|Workers process tra fish at the An Do Duong seafood processing factory. Minister of Agriculture and Rural Development Cao Duc Phat said that Viet Nam's fisheries industry should use modern production techniques to improve its competitiveness. — VNA/VNS Photo Cong Mao
HA NOI (VNS) — Viet Nam's fisheries industry should better utilise modern production technologies to improve its competitiveness in the global market, said Minister of Agriculture and Rural Development (MARD) Cao Duc Phat at a conference last Saturday.
The minister said that, though the fisheries industry made some remarkable achievements, it has performed less than expected, especially in applying the world's advanced technologies for the sector including the breeding.
He said that research institutions had not made the best use of the state budget to help developing the industry.
He stressed the importance of improving technology available to Vietnamese fishermen, who are responsible for 130,000 fishing boats at sea. However, Viet Nam has been importing fishing nets from Thailand and second-hand engines from Japan for its fishing boats.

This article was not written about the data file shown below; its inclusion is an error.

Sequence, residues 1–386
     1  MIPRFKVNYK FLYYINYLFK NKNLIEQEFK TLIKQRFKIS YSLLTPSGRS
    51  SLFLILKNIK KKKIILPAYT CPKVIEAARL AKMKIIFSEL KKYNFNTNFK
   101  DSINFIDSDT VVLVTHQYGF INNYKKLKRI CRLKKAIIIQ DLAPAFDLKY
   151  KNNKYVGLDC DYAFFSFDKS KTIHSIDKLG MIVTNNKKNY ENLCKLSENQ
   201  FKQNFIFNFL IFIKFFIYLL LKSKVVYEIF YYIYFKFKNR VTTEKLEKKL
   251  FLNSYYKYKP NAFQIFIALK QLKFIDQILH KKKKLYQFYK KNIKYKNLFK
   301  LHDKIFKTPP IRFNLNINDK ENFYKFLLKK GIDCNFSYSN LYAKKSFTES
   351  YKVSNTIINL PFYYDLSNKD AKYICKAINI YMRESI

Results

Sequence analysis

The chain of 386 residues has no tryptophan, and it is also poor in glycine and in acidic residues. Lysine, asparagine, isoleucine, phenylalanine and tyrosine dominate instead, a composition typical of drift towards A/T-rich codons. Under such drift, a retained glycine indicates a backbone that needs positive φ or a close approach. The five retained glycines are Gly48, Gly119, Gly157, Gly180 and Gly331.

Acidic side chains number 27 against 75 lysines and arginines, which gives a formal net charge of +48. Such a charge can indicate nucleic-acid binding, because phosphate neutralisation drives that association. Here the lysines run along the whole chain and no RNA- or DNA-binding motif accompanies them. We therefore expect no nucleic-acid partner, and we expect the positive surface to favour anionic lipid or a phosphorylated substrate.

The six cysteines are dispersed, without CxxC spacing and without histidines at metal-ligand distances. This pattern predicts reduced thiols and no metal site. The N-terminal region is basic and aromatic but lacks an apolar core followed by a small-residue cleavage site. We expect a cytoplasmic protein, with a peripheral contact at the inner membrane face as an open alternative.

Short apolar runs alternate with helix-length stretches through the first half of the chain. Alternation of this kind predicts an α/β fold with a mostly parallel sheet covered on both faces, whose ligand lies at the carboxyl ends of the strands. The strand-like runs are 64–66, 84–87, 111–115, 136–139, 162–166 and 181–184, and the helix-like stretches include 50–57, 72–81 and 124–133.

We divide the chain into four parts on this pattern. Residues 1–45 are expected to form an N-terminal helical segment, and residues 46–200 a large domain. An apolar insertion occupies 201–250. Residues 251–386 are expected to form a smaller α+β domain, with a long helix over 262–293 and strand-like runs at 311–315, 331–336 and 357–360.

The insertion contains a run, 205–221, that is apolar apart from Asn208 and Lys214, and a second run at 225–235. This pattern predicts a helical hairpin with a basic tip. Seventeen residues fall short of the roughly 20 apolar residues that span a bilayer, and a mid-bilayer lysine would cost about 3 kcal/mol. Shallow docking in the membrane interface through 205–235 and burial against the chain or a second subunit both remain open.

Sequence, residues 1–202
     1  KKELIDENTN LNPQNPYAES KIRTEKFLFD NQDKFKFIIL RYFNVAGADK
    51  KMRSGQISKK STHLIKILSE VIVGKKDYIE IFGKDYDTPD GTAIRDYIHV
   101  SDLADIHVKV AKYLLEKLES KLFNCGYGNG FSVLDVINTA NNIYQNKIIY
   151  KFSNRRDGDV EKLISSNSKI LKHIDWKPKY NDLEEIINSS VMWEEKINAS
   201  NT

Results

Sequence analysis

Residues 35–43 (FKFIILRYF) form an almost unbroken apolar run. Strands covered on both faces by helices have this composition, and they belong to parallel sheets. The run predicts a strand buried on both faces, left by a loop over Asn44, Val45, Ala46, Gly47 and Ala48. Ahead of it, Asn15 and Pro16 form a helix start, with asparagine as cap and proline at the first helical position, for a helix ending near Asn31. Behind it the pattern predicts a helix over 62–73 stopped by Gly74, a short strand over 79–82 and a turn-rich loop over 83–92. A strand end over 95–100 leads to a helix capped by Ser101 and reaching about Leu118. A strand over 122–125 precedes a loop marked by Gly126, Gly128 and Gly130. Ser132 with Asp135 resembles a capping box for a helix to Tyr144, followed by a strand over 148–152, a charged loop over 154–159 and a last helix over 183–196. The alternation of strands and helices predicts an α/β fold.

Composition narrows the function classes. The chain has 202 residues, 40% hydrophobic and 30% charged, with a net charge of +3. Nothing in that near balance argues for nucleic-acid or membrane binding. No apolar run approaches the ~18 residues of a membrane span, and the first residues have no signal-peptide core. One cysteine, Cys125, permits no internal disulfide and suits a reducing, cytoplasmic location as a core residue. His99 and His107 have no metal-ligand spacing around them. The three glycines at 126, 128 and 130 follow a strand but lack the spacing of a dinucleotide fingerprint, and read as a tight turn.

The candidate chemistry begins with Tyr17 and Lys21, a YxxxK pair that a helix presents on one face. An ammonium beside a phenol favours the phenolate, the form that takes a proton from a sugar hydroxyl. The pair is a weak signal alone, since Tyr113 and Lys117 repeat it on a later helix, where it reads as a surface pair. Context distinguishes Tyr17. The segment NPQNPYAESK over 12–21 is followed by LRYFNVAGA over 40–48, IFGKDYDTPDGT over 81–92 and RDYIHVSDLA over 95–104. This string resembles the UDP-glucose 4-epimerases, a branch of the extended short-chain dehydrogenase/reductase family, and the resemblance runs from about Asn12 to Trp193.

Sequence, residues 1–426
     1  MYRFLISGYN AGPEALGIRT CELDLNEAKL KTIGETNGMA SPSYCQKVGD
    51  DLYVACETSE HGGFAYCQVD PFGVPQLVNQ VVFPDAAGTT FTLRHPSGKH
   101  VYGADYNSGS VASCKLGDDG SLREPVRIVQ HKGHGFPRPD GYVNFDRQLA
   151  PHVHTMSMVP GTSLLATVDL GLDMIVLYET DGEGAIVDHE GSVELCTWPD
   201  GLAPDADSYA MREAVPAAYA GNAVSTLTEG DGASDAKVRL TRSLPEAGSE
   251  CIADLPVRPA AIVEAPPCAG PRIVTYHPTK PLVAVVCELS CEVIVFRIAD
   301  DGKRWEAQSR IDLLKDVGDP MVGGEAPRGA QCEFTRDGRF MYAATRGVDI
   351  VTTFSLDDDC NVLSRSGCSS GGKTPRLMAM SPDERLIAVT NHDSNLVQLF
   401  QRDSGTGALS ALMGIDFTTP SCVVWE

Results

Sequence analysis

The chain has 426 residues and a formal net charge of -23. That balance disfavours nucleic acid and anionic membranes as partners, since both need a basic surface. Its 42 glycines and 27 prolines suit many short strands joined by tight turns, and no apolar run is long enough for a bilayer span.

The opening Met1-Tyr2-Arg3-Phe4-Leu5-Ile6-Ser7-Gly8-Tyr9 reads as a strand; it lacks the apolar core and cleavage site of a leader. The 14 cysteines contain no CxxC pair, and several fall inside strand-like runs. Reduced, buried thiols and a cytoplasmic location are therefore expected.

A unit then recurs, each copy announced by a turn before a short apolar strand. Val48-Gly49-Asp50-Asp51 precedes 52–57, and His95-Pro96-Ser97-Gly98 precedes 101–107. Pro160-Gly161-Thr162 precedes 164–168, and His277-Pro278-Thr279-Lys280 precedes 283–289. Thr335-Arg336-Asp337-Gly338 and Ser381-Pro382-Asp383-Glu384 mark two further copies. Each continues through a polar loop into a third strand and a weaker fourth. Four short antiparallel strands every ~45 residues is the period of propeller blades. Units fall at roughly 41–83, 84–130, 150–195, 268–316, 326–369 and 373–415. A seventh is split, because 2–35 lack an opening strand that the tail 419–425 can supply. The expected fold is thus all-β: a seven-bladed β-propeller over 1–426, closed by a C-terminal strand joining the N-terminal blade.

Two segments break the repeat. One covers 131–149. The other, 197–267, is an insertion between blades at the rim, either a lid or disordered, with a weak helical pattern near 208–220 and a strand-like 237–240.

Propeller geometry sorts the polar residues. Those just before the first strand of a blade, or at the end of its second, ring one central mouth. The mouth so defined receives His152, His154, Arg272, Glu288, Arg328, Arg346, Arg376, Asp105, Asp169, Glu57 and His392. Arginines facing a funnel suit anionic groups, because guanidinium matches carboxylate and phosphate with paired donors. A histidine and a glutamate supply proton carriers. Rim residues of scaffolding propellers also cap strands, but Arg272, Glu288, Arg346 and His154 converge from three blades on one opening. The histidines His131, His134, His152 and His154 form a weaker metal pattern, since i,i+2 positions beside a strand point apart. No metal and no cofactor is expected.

Viet Nam's fisheries industry exploded in the last few decades. Pham Anh Tuan, MARD's Deputy Director of Fisheries Directorate, reported that export turnover increased from US$500 million in 1995 to $7.8 billion by 201
The country is now the world's third largest shrimp producer and among the top four exporters of fish and sea products in the world. Today, Vietnamese fishing products can be found in 170 markets around the globe.
However, Tuan said, despite the large budget the Government spent on the industry's programmes to study and apply new technologies, the results are insufficient, inconsistent and not advanced enough to solve problems in the industry.
He said the industry's technological level is still low and of poor quality. He said that companies are still unable to utilise high-tech applications to develop disease-resistant breeds, nor adapt to environmental changes.
In general, the country is under-achieving in technological development and few of the State-funded projects produced anything good enough to use in fishery production, said Tuan. — VNS